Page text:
Gina McCarthy, current nominee
to head the EPA (wikimedia)President Obama intends to unveil a package of second-term climate change policies in July, according to a news account.
Bloomberg reports that Obama, at closed-door fundraisers in recent weeks, “has been telling Democratic party donors that he will unveil new climate proposals in July.”
The story cites sources that attended the events or have been briefed. Bloomberg notes that a person “close to the White House” said final decisions are still being made about the plan.
Obama has vowed to take new executive-level actions if Congress doesn’t pass a major climate law, and the prospects for Capitol Hill action are remote.
Spiraling costs in Germany for developing renewable energy sources could damage the country's economic competitiveness and need to be scaled back, Chancellor Angela Merkel said Wednesday—without elaborating much on how. Energy policy has become a hot issue in campaigning for Germany's parliamentary elections in September, with households and businesses alike complaining about big energy bills. Many European companies are also concerned that high electricity costs at home are becoming increasingly unsustainable, particularly as their U.S. rivals benefit from lower energy prices resulting from the shale gas boom. --Jan Hromadko, The Wall Street Journal, 14 June 2013
Is it easier just following the herd?The bottom line is that a third of people are concerned enough to be willing to act, a third say they are concerned but are only paying it lip service, and a third are openly skeptical.
What matters is that 63% of people around the world don't want their governments to take any money from them to address environmental issues.
There is constant media spin that skeptics are a tiny fringe minority. (See Al Gore deny a third of the population. See the BBC call them mavericks and say they give too much weight to “fringe views”.) The marketeers pushing the meme know that many people are swayed away from “extreme” views and towards the dominant paradigm. Life is just “easier” if you follow the herd, so the big-scare campaign scores a free kick if the public believe that skeptics are rare. If the media reported the situation accurately, more people would be happy to sit in the “skeptical” camp as it would be perceived as equally valid.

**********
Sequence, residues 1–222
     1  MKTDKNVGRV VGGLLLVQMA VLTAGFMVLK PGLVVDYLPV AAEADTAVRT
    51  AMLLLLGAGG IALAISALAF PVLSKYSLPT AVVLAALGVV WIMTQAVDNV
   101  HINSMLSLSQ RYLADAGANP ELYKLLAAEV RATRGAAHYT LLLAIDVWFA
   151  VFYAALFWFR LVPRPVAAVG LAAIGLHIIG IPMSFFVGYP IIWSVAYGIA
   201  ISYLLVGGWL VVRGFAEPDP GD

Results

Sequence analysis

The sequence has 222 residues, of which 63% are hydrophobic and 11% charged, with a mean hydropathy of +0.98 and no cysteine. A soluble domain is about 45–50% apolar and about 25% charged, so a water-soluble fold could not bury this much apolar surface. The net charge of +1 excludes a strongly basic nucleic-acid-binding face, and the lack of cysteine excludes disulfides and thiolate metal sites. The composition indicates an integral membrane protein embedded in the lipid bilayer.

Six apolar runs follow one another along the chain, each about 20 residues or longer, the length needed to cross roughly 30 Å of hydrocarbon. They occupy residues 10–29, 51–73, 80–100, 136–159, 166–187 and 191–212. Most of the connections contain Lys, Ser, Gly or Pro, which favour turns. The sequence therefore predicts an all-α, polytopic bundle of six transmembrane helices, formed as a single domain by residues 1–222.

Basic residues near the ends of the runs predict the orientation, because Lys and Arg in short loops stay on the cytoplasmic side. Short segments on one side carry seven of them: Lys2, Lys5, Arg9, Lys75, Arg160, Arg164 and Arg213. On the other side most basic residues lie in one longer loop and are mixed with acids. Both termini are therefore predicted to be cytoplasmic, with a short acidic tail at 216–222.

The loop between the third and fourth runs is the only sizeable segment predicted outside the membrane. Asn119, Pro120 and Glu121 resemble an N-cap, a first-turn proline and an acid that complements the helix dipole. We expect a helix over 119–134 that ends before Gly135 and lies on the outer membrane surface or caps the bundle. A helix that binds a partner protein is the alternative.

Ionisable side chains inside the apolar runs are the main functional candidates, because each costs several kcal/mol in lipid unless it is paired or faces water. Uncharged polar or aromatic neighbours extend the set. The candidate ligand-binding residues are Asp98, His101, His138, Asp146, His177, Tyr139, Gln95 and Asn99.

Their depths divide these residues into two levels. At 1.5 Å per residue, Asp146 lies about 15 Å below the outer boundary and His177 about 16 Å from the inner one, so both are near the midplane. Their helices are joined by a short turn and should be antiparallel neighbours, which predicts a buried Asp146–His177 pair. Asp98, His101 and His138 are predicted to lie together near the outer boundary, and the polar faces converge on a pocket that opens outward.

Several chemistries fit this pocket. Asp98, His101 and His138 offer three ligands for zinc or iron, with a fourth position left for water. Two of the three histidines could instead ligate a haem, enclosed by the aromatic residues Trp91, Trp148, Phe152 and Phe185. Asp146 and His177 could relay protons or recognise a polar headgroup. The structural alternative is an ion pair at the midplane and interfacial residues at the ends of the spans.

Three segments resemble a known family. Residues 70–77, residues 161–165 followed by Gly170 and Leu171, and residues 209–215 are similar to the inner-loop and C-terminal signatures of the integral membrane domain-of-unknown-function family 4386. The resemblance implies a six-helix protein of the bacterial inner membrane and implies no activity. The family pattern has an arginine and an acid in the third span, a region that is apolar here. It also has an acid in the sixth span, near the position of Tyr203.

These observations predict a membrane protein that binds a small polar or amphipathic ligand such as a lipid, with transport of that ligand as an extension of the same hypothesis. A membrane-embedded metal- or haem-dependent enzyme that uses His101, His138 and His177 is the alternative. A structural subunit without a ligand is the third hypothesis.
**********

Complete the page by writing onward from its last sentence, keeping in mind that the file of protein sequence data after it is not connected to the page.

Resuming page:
The New York Times is pleased with Mayor Michael Bloomberg's 438-page, $20 billion plan to protect New York from the effects of future hurricanes. It notes benignly that the cost is probably an underestimate but agrees with the mayor, "Whether you believe climate change is real or not is beside the point; the bottom line is we can't run the risk."
Really? Imagine the argument: "Whether you believe zombies are real or not is beside the point. ... We can't run the risk." Clearly one's willingness to undertake these sorts of preparations depends completely on whether the perceived danger is real.
There is an interesting post by David Middleton over at WUWT. Using data from the U.S. Department of Energy (DOE) and the Institute for Energy Research (IER), Middleton notes that 2,298 permanent jobs have been created since 2009 on green energy projects in the U.S., mostly solar, wind, and geothermal jobs (see table below). Those jobs were created by $26.32 billion in loan guarantees by DOE. That comes to $11.45 million per job created.
Middleton says of this: “Clearly, in terms of ‘bang for the buck,’ government programs that coddle renewable energy are losers. In terms of jobs, the losers are the American workers who would otherwise be gainfully employed but for the tremendous waste of taxpayer dollars on the administration’s obsession with ‘green energy.’ As the economy continues to suffer and dollars for federal programs get harder to come by, it is getting increasingly difficult to defend a program that costs so much and produces so little.”
A paper published today in Global Environmental Change finds, "Many studies have shown a general decline of public concern about climate change or vice versa a rise in public climate-change skepticism, in particular in the U.S. and other Anglo-Saxon countries.
There is a vivid debate on whether this is a global phenomenon [and] on which factors explain the decline." Could it be that following Climategate 1 & 2, and subsequent revelations, the public no longer trusts political activists masquerading as climate scientists?
On noes, we're doomed!Bonn - As UN negotiators roll up their sleeves for the last push towards a universal climate deal, many fear their end-goal of halting global warming at two degrees Celsius is moving out of reach.
In the corridors of UN climate gatherings, negotiators concede the window of opportunity appears to be closing.
Few will admit this on the record, and none will even consider shifting the goal posts even as science points to a likely four-degree increase on current trends.
“The two-degree limit is perhaps symbolic, but if we exceed it, we take big risks,” said climatologist Jean Jouzel - pointing out the world is not geared for the climate extremes likely to result from a higher level of warming.